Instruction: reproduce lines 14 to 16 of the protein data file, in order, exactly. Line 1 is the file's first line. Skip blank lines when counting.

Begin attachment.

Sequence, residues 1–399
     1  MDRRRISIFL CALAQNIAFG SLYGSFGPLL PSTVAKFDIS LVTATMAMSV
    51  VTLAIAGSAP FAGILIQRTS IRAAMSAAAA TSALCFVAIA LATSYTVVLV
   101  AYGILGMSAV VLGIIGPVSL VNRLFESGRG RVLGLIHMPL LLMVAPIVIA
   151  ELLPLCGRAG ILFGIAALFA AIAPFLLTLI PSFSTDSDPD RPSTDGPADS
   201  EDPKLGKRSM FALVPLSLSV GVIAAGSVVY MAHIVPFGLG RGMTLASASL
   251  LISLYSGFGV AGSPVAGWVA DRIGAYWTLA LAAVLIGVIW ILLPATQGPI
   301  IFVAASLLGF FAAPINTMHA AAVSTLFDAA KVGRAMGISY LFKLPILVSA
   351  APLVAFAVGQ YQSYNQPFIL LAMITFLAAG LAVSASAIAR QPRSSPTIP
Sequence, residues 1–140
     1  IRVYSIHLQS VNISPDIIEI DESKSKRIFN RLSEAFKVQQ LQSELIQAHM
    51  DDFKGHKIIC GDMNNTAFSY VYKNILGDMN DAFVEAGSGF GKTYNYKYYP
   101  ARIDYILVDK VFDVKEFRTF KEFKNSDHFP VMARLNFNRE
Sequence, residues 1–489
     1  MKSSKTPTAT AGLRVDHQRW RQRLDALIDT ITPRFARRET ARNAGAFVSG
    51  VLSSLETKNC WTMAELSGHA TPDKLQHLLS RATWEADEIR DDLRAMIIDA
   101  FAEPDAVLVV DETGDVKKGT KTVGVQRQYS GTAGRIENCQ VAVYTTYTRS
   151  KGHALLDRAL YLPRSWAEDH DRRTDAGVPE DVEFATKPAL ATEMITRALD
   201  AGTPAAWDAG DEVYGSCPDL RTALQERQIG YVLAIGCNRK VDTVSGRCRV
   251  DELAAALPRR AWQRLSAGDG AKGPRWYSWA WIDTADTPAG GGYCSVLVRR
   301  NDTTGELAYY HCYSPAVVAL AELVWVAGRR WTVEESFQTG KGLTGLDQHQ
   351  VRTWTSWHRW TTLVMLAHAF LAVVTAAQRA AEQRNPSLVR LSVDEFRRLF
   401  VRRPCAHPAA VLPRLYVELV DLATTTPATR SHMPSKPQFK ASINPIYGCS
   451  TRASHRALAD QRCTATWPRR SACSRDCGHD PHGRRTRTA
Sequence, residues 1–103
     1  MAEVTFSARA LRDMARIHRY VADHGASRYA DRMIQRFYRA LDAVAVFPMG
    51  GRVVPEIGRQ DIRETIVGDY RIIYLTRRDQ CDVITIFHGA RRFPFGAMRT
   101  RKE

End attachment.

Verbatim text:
Sequence, residues 1–489
     1  MKSSKTPTAT AGLRVDHQRW RQRLDALIDT ITPRFARRET ARNAGAFVSG
    51  VLSSLETKNC WTMAELSGHA TPDKLQHLLS RATWEADEIR DDLRAMIIDA